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Date of publication: May 28, 2018

Gary Chan

Managing Partner, Co-founder
Sangyo Sosei Advisory Inc.
www.sangyososei.com

Date of birth: April 30, 1967

Hometown: San Francisco

Number of years in Japan (cumulative): 23 (as of May 2018)

Gary Chan
Q1: What was your first encounter with Japan?

I took part in an exchange program between the University of California school system, Berkeley and International Christian University in Tokyo in 1987. I did not speak a word of Japanese at the time, but it mattered less because as a student, I didn’t need to pay rent.

Q2: Please state your motto in life and why you have chosen it.

While not necessarily original, I do have a karmic belief that “What goes around comes around.” This means among other things, treating people as you would like to be treated, as well as the impact of one’s own actions as they relate to different concepts such as “fairness” and “luck.”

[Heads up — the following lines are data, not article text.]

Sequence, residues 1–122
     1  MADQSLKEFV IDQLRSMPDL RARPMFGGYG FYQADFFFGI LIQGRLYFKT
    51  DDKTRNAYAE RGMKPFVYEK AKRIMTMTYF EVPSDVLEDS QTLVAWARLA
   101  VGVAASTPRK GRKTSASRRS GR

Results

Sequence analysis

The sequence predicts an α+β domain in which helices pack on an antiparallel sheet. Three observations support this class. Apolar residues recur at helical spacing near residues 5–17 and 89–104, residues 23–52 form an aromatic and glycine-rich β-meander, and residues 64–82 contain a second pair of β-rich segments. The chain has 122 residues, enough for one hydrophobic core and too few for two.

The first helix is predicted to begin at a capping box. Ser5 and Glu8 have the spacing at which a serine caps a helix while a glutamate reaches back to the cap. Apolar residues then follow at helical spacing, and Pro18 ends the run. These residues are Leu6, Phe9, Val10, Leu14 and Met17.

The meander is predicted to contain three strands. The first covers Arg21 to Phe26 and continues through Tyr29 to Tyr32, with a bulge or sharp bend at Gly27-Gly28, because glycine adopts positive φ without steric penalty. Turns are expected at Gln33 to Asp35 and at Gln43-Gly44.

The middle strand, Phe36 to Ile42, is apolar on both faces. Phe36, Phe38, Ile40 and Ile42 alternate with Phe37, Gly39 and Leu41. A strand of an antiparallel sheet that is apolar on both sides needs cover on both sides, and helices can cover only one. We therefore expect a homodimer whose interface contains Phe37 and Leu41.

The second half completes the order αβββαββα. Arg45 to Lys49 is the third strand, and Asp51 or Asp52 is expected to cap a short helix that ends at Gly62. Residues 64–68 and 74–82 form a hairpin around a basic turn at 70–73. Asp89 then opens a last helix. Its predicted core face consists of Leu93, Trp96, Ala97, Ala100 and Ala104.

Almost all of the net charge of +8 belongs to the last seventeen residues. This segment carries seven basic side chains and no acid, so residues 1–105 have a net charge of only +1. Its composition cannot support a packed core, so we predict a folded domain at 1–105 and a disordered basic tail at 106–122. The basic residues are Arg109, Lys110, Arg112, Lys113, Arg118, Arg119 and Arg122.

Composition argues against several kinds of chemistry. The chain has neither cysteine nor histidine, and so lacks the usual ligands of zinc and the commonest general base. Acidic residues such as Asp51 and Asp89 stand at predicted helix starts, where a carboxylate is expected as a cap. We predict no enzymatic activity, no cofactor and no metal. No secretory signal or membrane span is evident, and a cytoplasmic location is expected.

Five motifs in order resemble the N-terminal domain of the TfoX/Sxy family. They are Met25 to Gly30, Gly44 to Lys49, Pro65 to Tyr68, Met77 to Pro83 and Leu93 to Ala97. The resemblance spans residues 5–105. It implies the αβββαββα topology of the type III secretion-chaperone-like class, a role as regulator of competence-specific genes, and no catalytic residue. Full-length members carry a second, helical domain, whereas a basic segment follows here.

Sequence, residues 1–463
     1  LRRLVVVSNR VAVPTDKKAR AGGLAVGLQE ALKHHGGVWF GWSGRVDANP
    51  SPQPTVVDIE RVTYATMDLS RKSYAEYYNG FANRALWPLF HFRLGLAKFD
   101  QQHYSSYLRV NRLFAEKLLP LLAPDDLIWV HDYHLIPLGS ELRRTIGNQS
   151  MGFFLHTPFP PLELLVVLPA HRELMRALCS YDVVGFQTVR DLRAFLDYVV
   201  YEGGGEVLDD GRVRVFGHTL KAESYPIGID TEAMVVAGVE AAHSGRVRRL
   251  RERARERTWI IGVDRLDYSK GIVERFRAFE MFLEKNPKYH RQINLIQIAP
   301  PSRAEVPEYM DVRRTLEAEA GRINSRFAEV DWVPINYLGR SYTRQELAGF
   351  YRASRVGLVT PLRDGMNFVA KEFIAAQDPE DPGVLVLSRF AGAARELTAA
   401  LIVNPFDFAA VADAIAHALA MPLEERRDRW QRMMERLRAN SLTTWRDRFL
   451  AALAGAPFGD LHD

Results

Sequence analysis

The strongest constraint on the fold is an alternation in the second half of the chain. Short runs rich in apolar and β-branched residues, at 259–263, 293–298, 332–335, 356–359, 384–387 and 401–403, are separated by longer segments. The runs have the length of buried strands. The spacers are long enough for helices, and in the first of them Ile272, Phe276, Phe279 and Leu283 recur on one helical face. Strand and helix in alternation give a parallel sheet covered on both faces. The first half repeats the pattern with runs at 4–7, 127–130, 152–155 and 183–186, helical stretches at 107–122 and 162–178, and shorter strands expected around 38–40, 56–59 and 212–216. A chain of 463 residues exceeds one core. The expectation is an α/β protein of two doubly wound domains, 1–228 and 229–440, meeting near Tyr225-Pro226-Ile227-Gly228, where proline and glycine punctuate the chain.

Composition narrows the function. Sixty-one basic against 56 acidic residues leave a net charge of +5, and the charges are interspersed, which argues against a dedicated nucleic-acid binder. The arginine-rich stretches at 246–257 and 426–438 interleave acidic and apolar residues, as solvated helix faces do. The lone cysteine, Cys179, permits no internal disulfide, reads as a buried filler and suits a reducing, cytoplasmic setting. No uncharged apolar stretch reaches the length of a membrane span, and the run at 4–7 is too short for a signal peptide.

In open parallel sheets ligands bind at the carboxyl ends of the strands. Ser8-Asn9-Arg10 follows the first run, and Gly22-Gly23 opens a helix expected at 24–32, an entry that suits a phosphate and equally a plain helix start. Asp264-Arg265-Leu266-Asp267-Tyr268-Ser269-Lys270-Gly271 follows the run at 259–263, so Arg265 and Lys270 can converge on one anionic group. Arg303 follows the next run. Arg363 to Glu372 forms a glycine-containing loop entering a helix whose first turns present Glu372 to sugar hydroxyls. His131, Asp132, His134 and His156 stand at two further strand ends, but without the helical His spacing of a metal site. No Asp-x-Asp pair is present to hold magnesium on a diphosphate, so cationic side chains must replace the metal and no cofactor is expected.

Q3 : Over your career, what achievement are you the proudest of?

In terms of the nature of the achievement, rather than its substance, I am proudest of my efforts in building and managing successful teams. This includes my work at UBS Hong Kong as head of Hong Kong/China Research and head of Asian Telecommunications Banking, as well as at UBS Japan where I was head of the Financial Sponsors Group and Telecommunications Banking. The founding of Sangyo Sosei Advisory, Japan's first technology-focused financial advisory firm, is another effort I am proud of.

Q4 : What are your goals during your time in Japan, your current position or in life?

When I turned 50, I promised myself that the next 10 years of my life and career would be my best. Knowing full well that this is easier said than done, I am committed to making this a reality by breaking out of my comfort zones and resetting objectives.

Q5 : What wisdom, advice or tips can you give to people living and working in Japan?

Much of the frustration for foreigners living in Japan is related to misguided social and business expectations. If one thinks of Japan as culturally and economically more similar to Western Europe (in particular France and Germany, respectively) rather than the U.S. or Asia, the overall experience starts to make more sense.

Last updated: Sep 7, 2018